Photo by Catie Staszak Media, Inc.
Dr. Byron Reid will forever remember the construction of his equine hyperbaric oxygen chamber in Loxahatchee, FL.
After all, it took a flatbed trailer with two massive cranes just to get it inside—that, and the fact that the roof of the building could not be constructed until after the chamber was installed.
“It would take two bulldozers to knock it over,” said Reid, VMD. “But it also has a three-foot-thick slab of concrete under it. It requires a very stable base.”
Reid truly moved mountains to bring hyperbaric oxygen therapy to his facility, and the Equine Hyperbaric Center of South Florida is home to the only chamber in the region, located just down the road from the Winter Equestrian Capital of the World that is Wellington. Used in human medicine for more than a century, hyperbaric oxygen is a rather novel concept in equine medicine, but it has proven itself as a low-risk method of decreasing recovery time from a variety of injuries and diseases. The chamber at Equine Hyperbaric Center of South Florida is FDA approved and one of the largest equine chambers manufactured.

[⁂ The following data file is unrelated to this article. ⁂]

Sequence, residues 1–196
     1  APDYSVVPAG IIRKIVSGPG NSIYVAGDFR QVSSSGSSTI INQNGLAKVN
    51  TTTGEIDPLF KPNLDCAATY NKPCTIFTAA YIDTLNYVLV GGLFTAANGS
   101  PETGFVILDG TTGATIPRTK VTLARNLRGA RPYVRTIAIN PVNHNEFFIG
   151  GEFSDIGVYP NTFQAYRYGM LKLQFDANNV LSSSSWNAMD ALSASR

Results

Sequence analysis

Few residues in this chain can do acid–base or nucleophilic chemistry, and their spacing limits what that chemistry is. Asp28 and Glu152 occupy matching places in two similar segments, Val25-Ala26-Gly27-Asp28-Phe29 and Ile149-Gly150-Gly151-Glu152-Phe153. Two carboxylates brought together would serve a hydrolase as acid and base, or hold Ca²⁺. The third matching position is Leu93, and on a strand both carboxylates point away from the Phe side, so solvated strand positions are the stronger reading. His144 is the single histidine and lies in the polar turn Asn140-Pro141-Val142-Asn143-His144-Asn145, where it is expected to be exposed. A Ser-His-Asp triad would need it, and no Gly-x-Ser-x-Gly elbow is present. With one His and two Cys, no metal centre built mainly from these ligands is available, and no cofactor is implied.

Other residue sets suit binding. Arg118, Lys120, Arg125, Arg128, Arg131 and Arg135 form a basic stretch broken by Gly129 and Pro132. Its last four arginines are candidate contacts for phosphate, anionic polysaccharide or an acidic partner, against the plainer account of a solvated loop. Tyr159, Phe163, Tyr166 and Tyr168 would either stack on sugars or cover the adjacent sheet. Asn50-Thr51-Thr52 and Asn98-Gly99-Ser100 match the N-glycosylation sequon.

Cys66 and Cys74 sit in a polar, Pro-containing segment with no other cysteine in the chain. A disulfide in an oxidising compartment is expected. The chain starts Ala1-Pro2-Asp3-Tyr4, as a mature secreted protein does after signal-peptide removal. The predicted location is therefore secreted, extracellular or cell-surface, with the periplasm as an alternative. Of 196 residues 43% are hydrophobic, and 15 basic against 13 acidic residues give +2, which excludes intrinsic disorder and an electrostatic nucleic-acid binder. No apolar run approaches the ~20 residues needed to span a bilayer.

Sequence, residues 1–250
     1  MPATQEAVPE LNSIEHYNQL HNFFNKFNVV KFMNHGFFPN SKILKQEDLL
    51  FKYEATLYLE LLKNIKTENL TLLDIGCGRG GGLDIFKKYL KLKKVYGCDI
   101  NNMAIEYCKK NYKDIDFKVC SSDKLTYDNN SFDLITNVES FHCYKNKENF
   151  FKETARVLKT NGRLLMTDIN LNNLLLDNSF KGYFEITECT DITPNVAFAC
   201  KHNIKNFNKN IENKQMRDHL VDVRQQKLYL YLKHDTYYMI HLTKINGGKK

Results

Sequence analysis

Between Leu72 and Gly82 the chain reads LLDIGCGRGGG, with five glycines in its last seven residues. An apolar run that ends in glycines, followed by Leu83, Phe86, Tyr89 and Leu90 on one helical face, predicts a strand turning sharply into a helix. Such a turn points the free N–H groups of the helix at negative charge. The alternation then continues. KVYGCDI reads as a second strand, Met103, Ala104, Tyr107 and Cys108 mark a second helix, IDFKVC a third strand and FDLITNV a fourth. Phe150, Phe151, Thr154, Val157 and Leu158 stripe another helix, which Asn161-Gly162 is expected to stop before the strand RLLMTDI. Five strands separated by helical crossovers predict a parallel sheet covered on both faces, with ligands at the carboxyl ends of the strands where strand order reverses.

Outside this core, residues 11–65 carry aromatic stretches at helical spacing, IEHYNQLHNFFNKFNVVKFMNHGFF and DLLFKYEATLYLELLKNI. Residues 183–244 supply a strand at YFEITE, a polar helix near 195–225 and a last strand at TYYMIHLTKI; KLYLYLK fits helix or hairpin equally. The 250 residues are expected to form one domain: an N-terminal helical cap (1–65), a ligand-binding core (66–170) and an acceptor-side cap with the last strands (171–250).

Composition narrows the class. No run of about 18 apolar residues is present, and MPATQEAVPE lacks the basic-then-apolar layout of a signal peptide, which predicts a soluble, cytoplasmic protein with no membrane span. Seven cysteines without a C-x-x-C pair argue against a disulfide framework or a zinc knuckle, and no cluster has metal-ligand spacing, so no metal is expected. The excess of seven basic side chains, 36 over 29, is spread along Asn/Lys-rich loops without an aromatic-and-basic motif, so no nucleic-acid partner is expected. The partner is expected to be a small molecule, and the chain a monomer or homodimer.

“There are a few in Kentucky, one in Maryland, and there’s one at the University of Tennessee, but I’m pretty sure we have the only chamber like this in Florida,” Reid said. “These are pretty rare, and obviously it’s quite an undertaking to install one.”
Reid was first introduced to the concept of hyperbaric oxygen therapy as a form of treatment for horses by his colleague, Meg Miller Turpin, DVM. An internal medicine specialist, Miller had learned about HBOT from fellow internists Fairfield Bain and Nathan Slovis. Together, Bain and Slovis brought a chamber to the Hagyard-Davidson-McGee clinic in Lexington, KY, and Miller had bought into their vision.
As Reid says, Miller had the idea, and he had the facility.